St. Barnabas has had a colorful history with lots of ups and downs. On June 11, 1872, the cornerstone of the original St. Barnabas Episcopal Church, “Sand Hills” (as the neighborhood was then known) was laid. The first few years showed a spectacular level of activity (given the small population of the area) under the leadership of Rev William B. Bolmer, Missionary 1874-1880. In subsequent years, we had brief periods of commitment by priests (who usually covered other nearby rural mission churches as well) but survived due to dedicated lay leadership by people like Alban W. Cooper and Thayer Bolmer. The church was closed from 1935-1939, and again from January 1 – November 20, 1949, but it did not become “extinct” (closed forever) due both from the determination of local residents and Diocesan Mission strategy and cooperation with other churches, an appropriate and critical combination.
From 1949-1955 St. Barnabas was served by the Rev. Robert N. Smyth (who also was Vicar of Trinity Church, Rocky Hill, and a school teacher) and from 1955-1960 by the Rev. William A. Eddy, Jr. part-time while he was Episcopal Chaplain at Princeton University. The Rev. Frank K. Jago served as Seminarian-in-charge 1961-63, Vicar 1963-75 and Rector 1975-76. Under his leadership, the congregation left the old church and worshipped in Greenbrook Elementary School 1965-70 until the current church was built. For the first time, St. Barnabas became a full, independent Parish of the Diocese (1975-81) after generations of outside financial help. The move from the old church (which has a capacity of 138 on a 7/10 acre lot with very little parking) was controversial with many long-time members. The old church (located on Major Rd. near what is now Burger King) subsequently burned down; our stained glass window was salvaged from it and installed behind the altar (and then later installed into the new church built in 2001).
The Rev. John H. McLeester served as Rector 1976-81 during a time of great liturgical change in the church; under his leadership the 1979 Book of Common Prayer and the practice of celebrating the Holy Eucharist every Sunday was introduced. Membership declined, however, and upon his retirement, the parish decided it could no longer afford a full-time priest. The Rev. Richard Lewis served (part-time) as Priest-in-charge from 1981-84, followed by 7 months of supply clergy and Lay Readers until Father Francis A. Hubbard was called as our priest in September, 1984. This was made possible in part by Diocesan financial aid (1984-1992).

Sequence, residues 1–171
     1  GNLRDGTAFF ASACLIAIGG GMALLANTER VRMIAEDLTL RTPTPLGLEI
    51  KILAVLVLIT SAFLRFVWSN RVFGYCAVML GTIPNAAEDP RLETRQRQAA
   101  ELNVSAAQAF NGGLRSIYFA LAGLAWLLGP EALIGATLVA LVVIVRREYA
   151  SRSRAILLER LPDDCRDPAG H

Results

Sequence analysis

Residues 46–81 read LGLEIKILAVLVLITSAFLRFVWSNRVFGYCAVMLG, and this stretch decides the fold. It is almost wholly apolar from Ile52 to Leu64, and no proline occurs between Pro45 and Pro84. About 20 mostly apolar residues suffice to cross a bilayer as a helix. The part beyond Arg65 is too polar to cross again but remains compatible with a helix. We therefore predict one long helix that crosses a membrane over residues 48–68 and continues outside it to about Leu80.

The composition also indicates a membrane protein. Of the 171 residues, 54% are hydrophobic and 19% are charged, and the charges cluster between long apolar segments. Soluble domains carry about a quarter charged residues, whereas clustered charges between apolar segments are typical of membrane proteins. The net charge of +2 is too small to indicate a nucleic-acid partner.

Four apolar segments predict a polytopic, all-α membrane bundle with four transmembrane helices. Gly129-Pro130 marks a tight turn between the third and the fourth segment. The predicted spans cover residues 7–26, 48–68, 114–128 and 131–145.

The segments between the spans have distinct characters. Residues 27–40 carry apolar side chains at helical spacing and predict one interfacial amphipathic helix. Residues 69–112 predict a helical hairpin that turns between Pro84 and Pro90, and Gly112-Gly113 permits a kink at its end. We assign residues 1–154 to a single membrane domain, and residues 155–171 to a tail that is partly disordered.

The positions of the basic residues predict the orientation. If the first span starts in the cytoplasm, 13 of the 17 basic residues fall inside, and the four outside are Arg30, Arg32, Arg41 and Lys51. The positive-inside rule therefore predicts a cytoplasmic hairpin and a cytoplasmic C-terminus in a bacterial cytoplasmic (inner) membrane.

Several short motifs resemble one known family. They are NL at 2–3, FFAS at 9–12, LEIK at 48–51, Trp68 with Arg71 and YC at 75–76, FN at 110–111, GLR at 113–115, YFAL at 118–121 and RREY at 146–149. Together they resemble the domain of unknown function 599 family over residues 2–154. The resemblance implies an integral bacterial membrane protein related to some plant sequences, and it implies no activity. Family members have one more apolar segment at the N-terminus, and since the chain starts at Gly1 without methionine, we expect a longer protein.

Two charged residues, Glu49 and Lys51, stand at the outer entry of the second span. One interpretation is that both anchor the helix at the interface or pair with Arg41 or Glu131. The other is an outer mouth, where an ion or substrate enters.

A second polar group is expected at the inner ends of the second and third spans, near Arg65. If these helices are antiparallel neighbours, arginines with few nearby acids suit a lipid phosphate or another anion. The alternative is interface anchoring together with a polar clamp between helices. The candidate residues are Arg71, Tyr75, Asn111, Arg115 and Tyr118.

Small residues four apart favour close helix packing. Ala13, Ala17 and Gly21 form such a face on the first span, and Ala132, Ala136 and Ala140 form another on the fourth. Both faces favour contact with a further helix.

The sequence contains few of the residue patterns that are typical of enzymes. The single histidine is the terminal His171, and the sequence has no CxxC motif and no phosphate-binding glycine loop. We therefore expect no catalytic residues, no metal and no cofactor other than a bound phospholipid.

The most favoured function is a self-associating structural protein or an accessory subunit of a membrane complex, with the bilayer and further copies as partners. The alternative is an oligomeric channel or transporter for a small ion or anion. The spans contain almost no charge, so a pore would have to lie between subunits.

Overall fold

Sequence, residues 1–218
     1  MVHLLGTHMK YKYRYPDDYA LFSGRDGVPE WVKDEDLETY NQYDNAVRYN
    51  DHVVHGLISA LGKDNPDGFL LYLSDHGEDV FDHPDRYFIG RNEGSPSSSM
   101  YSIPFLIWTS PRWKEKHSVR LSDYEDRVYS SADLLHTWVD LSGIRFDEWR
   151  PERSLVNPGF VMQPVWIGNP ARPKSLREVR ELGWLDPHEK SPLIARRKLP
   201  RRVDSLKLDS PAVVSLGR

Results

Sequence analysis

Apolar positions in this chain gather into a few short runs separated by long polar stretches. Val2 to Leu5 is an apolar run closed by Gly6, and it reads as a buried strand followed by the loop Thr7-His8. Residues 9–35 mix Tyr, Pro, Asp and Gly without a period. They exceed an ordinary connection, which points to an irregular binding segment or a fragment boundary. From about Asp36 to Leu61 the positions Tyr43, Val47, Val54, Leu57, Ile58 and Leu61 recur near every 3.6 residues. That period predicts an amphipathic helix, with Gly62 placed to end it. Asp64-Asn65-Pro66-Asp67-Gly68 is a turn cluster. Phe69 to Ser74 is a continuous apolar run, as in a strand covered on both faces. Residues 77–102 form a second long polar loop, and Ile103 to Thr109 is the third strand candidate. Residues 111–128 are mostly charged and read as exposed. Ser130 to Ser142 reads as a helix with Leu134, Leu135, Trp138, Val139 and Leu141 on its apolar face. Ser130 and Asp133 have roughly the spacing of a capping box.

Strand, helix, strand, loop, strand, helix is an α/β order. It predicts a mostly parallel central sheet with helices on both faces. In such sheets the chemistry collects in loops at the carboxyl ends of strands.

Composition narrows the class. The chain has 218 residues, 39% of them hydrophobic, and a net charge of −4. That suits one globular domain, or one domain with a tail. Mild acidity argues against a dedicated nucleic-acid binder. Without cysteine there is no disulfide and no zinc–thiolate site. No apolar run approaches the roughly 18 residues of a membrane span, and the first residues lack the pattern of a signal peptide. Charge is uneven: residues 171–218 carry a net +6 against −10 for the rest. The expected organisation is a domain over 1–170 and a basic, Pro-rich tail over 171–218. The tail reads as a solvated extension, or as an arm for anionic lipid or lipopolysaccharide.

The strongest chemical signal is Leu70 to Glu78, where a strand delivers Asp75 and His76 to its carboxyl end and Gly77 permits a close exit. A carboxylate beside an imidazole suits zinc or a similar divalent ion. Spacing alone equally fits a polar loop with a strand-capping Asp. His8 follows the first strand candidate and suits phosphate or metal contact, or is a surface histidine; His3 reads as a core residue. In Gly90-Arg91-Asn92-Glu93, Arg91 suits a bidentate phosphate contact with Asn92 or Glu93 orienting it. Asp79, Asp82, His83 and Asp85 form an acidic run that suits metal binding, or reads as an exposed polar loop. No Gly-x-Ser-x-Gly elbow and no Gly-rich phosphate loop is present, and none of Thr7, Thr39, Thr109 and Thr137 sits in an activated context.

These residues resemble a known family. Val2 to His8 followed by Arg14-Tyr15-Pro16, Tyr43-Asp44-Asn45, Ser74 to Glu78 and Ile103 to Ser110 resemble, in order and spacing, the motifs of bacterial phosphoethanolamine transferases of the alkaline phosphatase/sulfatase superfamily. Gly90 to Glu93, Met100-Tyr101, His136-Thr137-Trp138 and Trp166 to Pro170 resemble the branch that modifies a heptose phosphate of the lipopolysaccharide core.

Thanks to the strength and guidance of the Holy Spirit, the leadership of Father Hubbard, and a succession of strong leadership teams, we enjoyed growth in attendance, financial support from members, and in educational, fellowship and outreach activities. Our vision became deeper and broader, our congregation became more diverse, and we had the happy situation of needing to build a bigger worship space to accomodate all who wanted to worship, learn and enjoy each others’ company in it.
In 2001, a new church building was completed thanks to generous donations of time and money from parishioners. In 2006, renovations to the “old” church were completed, again thanks to generous donations of time and money from parishioners. The renovations involved making new classrooms with walls, allowing noise to no longer be a problem during Sunday School. Once we had “room”, we were able to focus on welcoming new members and reaching out to the community and world while maintaining the warmth and friendliness that has always characterized our church.
In June, 2009, after serving us for nearly 25 years, Father Hubbard retired from St. Barnabas which caused a slight decline in attendance. However, we were blessed by a wonderful interim rector, Mother Sheelagh A. Clarke, for the next two years and the parish continued to thrive. One of her many contributions was starting up our annual youth mission trip, which has greatly enriched the lives of our teenagers.
After the discernment period, the parish called Rev. Valerie L. Balling as its new rector during the summer of 2011 and faithfully served for 8 years.
Rev. Valerie discerned a new calling after 8 years and June 30, 2019 was her last Sunday at St. Barnabas. We are currently going through the transition now in search of a new rector who will serve us as faithfully and competently as Rev. Valerie did.